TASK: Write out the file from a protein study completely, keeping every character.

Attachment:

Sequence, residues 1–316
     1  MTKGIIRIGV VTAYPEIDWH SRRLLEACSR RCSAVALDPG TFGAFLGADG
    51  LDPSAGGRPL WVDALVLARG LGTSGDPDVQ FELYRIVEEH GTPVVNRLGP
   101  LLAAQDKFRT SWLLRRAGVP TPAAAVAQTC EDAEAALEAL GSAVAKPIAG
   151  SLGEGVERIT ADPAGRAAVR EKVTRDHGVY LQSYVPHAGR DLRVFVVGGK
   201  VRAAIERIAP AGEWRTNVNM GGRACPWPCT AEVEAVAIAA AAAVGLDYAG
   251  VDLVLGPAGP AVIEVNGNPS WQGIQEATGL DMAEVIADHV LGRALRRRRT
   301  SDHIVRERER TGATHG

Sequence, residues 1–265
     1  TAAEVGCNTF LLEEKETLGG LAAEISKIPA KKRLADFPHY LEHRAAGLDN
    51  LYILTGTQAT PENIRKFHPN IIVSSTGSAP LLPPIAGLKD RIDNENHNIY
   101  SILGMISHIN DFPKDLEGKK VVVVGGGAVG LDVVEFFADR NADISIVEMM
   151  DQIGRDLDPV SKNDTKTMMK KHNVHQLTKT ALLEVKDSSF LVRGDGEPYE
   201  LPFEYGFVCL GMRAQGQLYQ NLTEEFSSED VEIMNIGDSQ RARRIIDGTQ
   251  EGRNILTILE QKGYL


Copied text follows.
Sequence, residues 1–316
     1  MTKGIIRIGV VTAYPEIDWH SRRLLEACSR RCSAVALDPG TFGAFLGADG
    51  LDPSAGGRPL WVDALVLARG LGTSGDPDVQ FELYRIVEEH GTPVVNRLGP
   101  LLAAQDKFRT SWLLRRAGVP TPAAAVAQTC EDAEAALEAL GSAVAKPIAG
   151  SLGEGVERIT ADPAGRAAVR EKVTRDHGVY LQSYVPHAGR DLRVFVVGGK
   201  VRAAIERIAP AGEWRTNVNM GGRACPWPCT AEVEAVAIAA AAAVGLDYAG
   251  VDLVLGPAGP AVIEVNGNPS WQGIQEATGL DMAEVIADHV LGRALRRRRT
   301  SDHIVRERER TGATHG

Sequence, residues 1–265
     1  TAAEVGCNTF LLEEKETLGG LAAEISKIPA KKRLADFPHY LEHRAAGLDN
    51  LYILTGTQAT PENIRKFHPN IIVSSTGSAP LLPPIAGLKD RIDNENHNIY
   101  SILGMISHIN DFPKDLEGKK VVVVGGGAVG LDVVEFFADR NADISIVEMM
   151  DQIGRDLDPV SKNDTKTMMK KHNVHQLTKT ALLEVKDSSF LVRGDGEPYE
   201  LPFEYGFVCL GMRAQGQLYQ NLTEEFSSED VEIMNIGDSQ RARRIIDGTQ
   251  EGRNILTILE QKGYL